Finchley Way is named after the area it inhabits.
Finchley, probably denoting Finch’s clearing
, is a late Anglo-Saxon name but was recorded only from the early 13th century. The common along the parish’s eastern side was a remnant of the woodland which once covered most of northern Middlesex and southern Hertfordshire; known as Finchley wood until the 17th century and later notorious for its highwaymen, it still contained more than a quarter of the parish in 1816.
The earliest settlement was probably in the south-west quarter of the parish at Church End
, where people were living by the 13th century. East End and Parkgate, mentioned respectively in 1365 and 1375, together formed a scattered hamlet where the later East End Road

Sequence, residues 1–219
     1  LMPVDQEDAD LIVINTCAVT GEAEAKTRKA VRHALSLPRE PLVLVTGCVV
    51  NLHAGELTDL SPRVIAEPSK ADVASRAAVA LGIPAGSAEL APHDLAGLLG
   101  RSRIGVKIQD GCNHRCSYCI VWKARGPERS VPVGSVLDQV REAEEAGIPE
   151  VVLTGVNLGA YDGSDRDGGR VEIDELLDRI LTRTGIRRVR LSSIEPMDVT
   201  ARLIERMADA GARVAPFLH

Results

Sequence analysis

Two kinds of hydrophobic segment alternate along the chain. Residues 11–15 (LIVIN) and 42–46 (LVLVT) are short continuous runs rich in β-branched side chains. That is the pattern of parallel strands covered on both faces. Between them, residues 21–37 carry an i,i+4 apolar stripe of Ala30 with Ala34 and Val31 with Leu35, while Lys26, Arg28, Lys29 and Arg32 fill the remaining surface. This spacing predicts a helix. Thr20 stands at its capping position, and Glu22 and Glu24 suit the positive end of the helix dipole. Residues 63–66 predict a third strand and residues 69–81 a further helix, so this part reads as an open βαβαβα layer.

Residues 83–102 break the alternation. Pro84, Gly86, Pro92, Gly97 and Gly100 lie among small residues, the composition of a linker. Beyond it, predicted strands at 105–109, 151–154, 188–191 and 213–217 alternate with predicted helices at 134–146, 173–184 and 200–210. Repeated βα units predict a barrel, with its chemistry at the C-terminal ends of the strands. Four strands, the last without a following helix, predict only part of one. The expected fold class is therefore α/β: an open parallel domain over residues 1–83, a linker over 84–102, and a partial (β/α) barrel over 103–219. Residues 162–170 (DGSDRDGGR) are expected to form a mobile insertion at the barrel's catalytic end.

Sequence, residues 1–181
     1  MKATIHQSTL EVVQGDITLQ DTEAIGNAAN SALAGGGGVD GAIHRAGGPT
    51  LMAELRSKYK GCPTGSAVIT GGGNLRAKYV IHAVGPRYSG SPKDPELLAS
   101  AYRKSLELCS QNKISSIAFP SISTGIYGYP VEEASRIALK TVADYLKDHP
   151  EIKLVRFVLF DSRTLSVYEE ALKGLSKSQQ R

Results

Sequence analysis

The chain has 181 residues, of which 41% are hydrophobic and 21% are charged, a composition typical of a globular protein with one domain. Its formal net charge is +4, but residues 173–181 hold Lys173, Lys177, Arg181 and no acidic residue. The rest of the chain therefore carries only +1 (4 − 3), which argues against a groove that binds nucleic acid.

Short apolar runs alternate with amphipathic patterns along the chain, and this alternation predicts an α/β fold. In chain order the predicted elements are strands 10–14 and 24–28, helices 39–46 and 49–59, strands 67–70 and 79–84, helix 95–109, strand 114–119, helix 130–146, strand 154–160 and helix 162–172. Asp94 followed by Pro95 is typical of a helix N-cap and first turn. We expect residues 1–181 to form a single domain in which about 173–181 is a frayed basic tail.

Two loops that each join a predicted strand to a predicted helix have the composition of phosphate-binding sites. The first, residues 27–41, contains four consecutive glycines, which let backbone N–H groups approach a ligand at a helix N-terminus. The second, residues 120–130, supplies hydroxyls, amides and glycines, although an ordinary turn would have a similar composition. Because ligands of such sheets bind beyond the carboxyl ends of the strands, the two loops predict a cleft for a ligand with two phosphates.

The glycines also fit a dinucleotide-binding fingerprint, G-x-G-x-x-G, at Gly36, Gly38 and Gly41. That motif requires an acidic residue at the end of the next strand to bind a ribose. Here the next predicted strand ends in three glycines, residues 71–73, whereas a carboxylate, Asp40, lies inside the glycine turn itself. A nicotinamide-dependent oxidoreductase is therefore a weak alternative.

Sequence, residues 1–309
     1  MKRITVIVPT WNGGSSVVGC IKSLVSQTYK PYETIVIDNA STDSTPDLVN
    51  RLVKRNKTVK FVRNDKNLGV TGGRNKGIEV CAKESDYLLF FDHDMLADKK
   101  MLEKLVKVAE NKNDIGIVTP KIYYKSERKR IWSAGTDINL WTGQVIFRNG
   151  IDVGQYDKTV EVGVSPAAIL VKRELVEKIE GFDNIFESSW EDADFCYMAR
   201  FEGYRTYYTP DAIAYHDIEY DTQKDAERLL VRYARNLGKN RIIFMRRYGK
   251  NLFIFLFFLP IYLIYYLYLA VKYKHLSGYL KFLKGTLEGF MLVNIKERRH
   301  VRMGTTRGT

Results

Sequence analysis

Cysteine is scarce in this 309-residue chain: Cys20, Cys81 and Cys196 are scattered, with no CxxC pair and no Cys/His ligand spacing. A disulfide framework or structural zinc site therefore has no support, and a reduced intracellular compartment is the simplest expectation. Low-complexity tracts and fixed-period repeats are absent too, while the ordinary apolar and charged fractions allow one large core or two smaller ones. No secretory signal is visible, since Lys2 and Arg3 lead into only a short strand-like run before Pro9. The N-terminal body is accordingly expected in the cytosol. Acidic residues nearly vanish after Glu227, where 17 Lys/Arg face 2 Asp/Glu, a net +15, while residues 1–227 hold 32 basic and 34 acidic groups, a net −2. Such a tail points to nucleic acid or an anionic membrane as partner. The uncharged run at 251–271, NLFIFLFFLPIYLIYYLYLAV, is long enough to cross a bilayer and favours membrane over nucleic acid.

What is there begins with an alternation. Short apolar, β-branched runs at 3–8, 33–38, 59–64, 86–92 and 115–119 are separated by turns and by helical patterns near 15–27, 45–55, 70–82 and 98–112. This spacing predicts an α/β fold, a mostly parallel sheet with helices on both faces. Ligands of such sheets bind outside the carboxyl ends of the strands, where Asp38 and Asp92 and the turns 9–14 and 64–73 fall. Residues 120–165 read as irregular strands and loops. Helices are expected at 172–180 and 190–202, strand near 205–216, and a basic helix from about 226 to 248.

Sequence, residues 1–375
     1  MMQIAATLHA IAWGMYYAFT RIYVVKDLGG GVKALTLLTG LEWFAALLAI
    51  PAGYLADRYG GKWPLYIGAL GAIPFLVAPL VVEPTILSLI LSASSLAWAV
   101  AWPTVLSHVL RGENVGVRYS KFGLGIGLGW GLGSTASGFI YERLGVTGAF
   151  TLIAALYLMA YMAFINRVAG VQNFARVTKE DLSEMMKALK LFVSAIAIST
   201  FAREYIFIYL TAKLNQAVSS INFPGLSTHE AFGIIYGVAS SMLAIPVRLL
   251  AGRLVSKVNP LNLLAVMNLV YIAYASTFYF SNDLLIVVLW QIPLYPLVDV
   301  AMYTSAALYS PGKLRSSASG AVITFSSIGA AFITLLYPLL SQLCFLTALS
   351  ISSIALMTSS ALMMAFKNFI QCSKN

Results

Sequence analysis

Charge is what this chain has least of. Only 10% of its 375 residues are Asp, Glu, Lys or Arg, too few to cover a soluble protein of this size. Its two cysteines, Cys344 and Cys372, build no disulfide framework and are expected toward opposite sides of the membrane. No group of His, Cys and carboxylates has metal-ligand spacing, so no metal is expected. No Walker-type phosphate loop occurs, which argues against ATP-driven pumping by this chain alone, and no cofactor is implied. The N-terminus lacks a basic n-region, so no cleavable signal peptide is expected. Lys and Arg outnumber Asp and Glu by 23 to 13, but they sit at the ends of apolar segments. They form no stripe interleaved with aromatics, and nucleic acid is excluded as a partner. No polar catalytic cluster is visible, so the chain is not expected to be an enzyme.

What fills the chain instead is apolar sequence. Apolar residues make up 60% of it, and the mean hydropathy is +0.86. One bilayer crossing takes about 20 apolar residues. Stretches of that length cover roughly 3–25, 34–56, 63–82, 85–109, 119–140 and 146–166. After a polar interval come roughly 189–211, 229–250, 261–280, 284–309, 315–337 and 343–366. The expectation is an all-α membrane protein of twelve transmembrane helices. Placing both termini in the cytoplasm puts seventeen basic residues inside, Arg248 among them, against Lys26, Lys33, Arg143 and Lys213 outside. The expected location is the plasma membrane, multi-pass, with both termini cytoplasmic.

met the Great North Road at the exit from Hornsey park.
Most building took place around the old centres until transport began to improve with the coming of the railway in 1867, whereupon North End was transformed into the suburb of North Finchley. By 1920 Church End
had been joined to both North End and East End by building, although the eastern edge of the parish was largely kept open by the establishment of cemeteries. The southern part was built up mainly after the First World War, forming an extension of Hampstead Garden Suburb and a wealthy area, cut off from the rest of Finchley by the North Circular Road.
West Finchley dated only from the 1930s, when elsewhere in the parish large houses were giving way to smaller ones and flats, and when offices began to be opened in Whetstone.